The Jesus Code: “Our Bodies: God’s Holy of Holies” + LINKUP


The Jesus Code

Chapter 48 The Jesus Code: 52 Scripture Questions Every Believer Should Answer by O.S. Hawkins.


This week’s question: “Do you not know that your body is the temple of the Holy Spirit who is in you?” (1 Corinthians 6.19).

To better understand this weeks question, let’s read it in context. 1 Corinthians 6.18-20:

18 Flee sexual immorality. Every sin that a man does is outside the body, but he who commits sexual immorality sins against his own body. 19 Or do you not know that your body is the temple of the Holy Spirit who is in you, whom you have from God, and you are not your own? 20 For you were bought at a price; therefore glorify God in your body and in your spirit, which are God’s.


You’ve probably noticed: sex sells in modern America. It sells blue jeans, music, cars, computers, cameras, even mouthwash. Everyone is talking about sex today— everyone except for moms and dads in the home, and preachers and teachers in the church. So young people learn about sex from the hottest new entertainers of this day and the media— voices that too often fill their minds with immoral, if not utterly wrong, information. More than one generation in America has been raised with little to no moral absolutes, so relativism has taken root, influencing the thought processes of too many individuals away from God’s truth. What was yesterday’s shocking behavior is today’s norm. What used to slither down the darkened back alleys now struts proudly down Main Street.

I’m not sure exactly when Hawkins penned the words in this book, but those last two sentences become truer and truer by the minute! What was yesterday’s shocking behavior is certainly today’s norm. In fact, what used to be universally condemned is now being celebrated. What used to “slither down the darkened back alleys” is now considered hateful to even speak out against.

Paul’s command in verse 18 is, “Flee sexual immorality.” As Hawkins points out, he didn’t say fight it; he said run from it. Instead of running from it we watch it on movie screens and on our computers. We laugh about it while we watch sitcoms. We flirt with it and when we fall, we blame everyone but ourselves.

Adultery is no longer adultery; it’s an extramarital affair. Homosexuality is no longer a sin; it’s just a lifestyle choice. Porn is easily accessible and no big deal to many.

Why should we be any different?

We should be different, besides all the warnings of consequences and commands for purity, because of Paul’s rhetorical question in verse 19, “Do you not know that your body is the temple of the Holy Spirit who is in you?”

Hawkins explains:

Our bodies are temples of the Holy Spirit. In the New Testament, two Greek words translate into our English word temple. One is used to describe the entire temple complex in Jerusalem: the Temple Mount, the Court of the Gentiles, Solomon’s Portico, the colonnades, and all the inner courts. The second word is used exclusively to describe that sacred space just beyond the veil in the Holy Place of the temple, the sacred space known as the Holy of Holies. It was there that God visited His people on the annual Day of Atonement. Significantly, when Paul wrote that your body is the temple of the Holy Spirit, he used this second word. He asserted that the believer’s very body has become the Holy of Holies to God and the very dwelling place of His Spirit.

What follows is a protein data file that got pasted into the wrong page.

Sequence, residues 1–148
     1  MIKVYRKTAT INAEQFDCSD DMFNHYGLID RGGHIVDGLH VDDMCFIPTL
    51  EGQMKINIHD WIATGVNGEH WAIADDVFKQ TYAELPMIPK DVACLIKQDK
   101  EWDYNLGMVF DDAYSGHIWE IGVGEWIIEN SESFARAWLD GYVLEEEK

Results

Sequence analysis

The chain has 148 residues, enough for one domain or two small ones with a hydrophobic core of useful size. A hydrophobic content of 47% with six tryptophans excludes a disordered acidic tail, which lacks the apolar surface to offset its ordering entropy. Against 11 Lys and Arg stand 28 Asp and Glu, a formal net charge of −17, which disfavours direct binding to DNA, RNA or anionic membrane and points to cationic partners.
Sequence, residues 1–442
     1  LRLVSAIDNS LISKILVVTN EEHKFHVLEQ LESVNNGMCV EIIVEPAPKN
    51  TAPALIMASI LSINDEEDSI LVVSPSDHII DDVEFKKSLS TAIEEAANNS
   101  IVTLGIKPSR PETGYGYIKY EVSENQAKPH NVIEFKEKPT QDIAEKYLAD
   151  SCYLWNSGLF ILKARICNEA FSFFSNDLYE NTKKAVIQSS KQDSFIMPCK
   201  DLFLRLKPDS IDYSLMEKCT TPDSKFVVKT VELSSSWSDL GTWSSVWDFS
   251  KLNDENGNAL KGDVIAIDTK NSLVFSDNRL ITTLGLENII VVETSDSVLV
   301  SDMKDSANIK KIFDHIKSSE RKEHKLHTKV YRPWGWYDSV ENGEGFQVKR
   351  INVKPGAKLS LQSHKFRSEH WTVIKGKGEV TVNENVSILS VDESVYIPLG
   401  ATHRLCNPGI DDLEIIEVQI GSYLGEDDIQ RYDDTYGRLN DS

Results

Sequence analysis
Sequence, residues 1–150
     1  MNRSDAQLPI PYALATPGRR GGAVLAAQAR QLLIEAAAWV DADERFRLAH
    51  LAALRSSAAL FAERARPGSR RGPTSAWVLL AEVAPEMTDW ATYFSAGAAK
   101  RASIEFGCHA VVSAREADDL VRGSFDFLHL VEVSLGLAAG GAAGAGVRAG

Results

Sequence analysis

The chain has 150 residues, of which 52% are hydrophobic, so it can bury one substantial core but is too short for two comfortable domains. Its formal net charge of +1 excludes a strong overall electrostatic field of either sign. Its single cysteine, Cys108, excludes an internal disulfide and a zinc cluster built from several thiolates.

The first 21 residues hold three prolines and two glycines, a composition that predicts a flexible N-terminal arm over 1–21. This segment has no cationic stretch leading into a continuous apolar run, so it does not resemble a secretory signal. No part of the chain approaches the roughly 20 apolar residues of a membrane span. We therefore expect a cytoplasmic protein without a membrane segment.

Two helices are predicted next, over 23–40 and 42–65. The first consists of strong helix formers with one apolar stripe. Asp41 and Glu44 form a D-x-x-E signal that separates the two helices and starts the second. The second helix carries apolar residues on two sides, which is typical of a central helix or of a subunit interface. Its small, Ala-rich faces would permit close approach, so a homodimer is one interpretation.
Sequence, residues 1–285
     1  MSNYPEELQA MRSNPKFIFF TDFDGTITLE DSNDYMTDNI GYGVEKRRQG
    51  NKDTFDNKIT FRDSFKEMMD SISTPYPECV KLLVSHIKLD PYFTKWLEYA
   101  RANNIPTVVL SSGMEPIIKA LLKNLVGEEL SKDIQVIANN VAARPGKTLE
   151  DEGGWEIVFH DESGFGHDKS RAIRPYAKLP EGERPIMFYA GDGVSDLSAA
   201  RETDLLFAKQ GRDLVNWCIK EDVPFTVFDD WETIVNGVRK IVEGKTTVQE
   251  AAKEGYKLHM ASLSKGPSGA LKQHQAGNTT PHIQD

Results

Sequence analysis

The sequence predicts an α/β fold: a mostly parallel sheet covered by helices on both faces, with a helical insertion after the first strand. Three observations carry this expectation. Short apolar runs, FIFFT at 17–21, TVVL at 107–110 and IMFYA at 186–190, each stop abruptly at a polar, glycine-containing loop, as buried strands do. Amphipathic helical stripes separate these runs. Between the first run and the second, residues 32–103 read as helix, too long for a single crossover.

In Old Testament times, God dwelt in a place, in the Holy of Holies inside the temple. In New Testament times, God has chosen to dwell in His people. We are His temple, His Holy of Holies.

If you have been a believer for any length of time, you have probably heard verse 19 quoted many times, but has the reality of what that means really hit home? Hawkins goes on:

Even people involved in illicit sexual sins would probably not think of committing those sins in a holy place; they wouldn’t think of desecrating a church altar with their sin. So believers should recoil even more at the thought of committing such sin at all, for it is our very body that is God’s temple, not some physical edifice.

Paul goes on in verse 20 to remind us that, not only does sexual immorality desecrate the place where God lives, but it’s not even ours to desecrate. We were bought with the precious blood of Christ! Hawkins goes on:

Finally, the apostle Paul set forth an appropriate ambition or purpose for our lives: “glorify God in your body and in your spirit, which are God’s” (1 Corinthians 6:20). Our ambition in life is not to act according to our personal whims or desires, or to satisfy our personal pleasures. Our purpose in life is to glorify the Lord Jesus Christ.

May we seek to do so in greater and greater ways. As the world around us gets darker, let’s seek to be brighter lights for Him.



Next week’s question: “How shall we escape if we neglect so great a salvation?” (Hebrews 2.3).

Last week’s question: “If God is for us, who can be against us?” (Romans 8.31). Read it here.


You can get a copy of The Jesus Code and follow along with these 52 vital questions. The chapters are short and can easily be read in one sitting. If you do, I’d love your feedback. Click HERE to  get the book or HERE for Kindle.

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8 thoughts on “The Jesus Code: “Our Bodies: God’s Holy of Holies” + LINKUP

  1. Thank you for being brave enough to go “there,” Donna. I love your thoughts on how our bodies are God’s temple. We surely wouldn’t treat a physical church in the same ways we allow our bodies/minds to be defiled. Thanks for the linkup too, my friend!

    • Yes, it’s a very challenging time for our young people. It’s so good to know God has it all under control! Thanks for linking up and blessings to you!

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